Image of Ray Stannard Baker


Lifetime: 1870 - 1946 Passed: ≈ 77 years ago


Journalist, Biographer, Historian


United States

Ray Stannard Baker

Ray Stannard Baker (also known by his pen name David Grayson) was an American journalist, historian, biographer, and author.

Baker was born in Lansing, Michigan. After graduating from the Michigan State Agricultural College (now Michigan State University), he attended law school at the University of Michigan in 1891 before launching his career as a journalist in 1892 with the Chicago News-Record, where he covered the Pullman Strike and Coxey's Army in 1894.

In 1896, Ray Stannard Baker married Jessie Beal. They had four children: Alice Beal, James Stannard , Roger Denio , and Rachel Moore .

In 1898 Baker joined the staff of McClure's, a pioneer muckraking magazine, and quickly rose to prominence along with Lincoln Steffens and Ida Tarbell. He also dabbled in fiction, writing children's stories for the magazine Youth's Companion and a nine-volume series of stories about rural living in America, the first of which was titled Adventures in Contentment  under his pseudonym David Grayson, which reached millions of readers worldwide.

In 1912 Baker published The Friendly Road, an account of the places he visited and people he met while on a walking tour of the United States. In that year's presidential election Baker supported the presidential candidacy of Woodrow Wilson, which led to a close relationship between the two men, and in 1918 Wilson sent Baker to Europe to study the war situation. He was in connection with the future president of Czechoslovak Republic Thomas Garrigue Masaryk in America yet, from May 1918. During peace negotiations, Baker served as Wilson's press secretary at Versailles. He eventually published 15 volumes about Wilson and internationalism, including the six-volume The Public Papers of Woodrow Wilson with William Edward Dodd, and the 8-volume Woodrow Wilson: Life and Letters , the last two volumes of which won the Pulitzer Prize for Biography or Autobiography in 1940. He served as an adviser on Darryl F. Zanuck's 1944 film Wilson.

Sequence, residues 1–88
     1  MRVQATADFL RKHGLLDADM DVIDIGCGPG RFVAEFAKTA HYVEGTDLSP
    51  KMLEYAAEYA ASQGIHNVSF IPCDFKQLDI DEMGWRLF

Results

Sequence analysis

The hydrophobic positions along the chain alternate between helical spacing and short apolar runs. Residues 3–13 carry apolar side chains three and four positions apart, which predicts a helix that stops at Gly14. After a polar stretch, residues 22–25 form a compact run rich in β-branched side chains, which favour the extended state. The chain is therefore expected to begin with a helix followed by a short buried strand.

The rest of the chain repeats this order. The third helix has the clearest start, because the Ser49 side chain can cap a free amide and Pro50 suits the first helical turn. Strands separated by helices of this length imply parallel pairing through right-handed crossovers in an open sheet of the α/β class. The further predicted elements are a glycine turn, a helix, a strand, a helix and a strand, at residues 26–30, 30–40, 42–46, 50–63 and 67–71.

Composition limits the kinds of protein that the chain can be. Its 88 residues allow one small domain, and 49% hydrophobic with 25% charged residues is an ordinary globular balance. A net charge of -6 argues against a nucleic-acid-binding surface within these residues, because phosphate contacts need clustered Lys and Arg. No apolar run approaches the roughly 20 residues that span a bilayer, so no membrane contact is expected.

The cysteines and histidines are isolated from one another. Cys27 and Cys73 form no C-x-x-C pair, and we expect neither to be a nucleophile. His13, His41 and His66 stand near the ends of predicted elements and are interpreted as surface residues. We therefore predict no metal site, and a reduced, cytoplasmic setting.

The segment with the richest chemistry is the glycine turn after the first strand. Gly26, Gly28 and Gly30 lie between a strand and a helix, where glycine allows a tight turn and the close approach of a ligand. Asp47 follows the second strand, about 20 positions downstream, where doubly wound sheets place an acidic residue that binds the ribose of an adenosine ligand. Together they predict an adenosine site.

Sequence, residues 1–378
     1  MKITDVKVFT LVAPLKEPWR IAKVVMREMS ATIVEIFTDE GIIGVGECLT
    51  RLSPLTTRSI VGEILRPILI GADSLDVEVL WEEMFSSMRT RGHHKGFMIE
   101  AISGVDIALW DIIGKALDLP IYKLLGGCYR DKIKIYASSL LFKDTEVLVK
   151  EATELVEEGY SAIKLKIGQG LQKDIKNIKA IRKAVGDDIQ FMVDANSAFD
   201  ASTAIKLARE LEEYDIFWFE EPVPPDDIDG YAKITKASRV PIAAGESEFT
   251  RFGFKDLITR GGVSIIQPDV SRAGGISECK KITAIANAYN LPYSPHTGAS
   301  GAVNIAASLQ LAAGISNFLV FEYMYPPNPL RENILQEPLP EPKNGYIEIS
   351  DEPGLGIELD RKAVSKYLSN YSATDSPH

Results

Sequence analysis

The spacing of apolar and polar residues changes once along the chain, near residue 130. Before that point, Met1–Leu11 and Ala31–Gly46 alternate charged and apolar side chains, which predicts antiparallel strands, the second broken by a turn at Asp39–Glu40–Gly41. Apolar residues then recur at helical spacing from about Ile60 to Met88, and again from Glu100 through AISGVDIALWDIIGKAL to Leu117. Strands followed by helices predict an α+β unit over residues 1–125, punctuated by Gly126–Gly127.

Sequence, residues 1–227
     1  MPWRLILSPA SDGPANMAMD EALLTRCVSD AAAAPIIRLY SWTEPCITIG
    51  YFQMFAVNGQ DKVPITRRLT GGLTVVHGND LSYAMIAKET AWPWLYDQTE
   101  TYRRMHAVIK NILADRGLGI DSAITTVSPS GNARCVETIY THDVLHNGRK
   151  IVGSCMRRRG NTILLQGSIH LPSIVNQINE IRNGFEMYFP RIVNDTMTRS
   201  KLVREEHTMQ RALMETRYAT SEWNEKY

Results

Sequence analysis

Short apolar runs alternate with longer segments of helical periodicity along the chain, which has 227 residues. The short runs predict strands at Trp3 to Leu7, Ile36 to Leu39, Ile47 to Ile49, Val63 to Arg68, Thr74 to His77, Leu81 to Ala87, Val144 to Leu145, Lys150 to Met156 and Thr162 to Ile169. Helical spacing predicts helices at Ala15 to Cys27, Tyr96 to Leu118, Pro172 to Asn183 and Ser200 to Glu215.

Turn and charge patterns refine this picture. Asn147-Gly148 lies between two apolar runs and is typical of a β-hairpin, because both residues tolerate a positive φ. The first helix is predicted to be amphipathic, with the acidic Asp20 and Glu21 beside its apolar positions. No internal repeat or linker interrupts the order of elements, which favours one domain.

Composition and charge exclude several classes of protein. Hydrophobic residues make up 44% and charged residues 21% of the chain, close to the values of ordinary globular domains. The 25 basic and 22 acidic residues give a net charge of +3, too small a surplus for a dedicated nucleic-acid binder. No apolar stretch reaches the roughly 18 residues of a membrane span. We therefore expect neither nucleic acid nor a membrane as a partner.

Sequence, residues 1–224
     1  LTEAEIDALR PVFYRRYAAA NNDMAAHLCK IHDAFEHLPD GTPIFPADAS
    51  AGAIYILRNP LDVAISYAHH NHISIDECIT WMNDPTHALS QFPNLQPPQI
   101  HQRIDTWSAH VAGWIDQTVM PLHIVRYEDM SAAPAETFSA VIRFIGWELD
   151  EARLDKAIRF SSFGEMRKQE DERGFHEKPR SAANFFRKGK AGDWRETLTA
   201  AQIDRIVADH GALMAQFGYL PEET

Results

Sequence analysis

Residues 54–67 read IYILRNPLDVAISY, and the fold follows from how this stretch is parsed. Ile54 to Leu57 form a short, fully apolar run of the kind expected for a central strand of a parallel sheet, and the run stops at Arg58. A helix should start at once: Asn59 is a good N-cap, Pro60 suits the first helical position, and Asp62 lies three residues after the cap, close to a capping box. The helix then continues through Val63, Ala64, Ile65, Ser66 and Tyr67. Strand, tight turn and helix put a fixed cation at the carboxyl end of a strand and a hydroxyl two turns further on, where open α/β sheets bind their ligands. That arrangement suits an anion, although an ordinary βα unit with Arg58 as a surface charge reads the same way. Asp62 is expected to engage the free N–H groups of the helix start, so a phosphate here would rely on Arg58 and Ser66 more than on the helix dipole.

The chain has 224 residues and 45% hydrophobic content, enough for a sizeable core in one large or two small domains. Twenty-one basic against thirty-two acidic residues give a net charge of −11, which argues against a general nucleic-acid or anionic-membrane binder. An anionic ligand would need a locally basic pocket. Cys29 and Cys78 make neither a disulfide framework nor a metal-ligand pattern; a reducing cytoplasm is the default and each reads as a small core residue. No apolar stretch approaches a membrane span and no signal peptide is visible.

Baker wrote two autobiographies, Native American and American Chronicle .

Baker died of a heart attack in Amherst, Massachusetts, and is buried there in Wildwood Cemetery. Buildings have been named in honor of both Ray Stannard Baker and David Grayson. A dormitory, Grayson Hall, is at the University of Massachusetts Amherst. The David Grayson Elementary School is in Waterford, Michigan. An academic building, Baker Hall, is at Michigan State University. A trail in Amherst has also been named for Baker.

Baker's brother Hugh Potter Baker was the president of Massachusetts State College, which later became the University of Massachusetts.

Books by Ray Stannard Baker

Following the Color Line  Cover image

Following the Color Line

Non-Fiction Science
Power Culture Struggle America Civil War Anthropology Democracy United States Rural

We are presented both rural and urban points of view, struggles for survival, varying district relationships, the effect of lynching, power struggles, and political repercussions, among many other topics.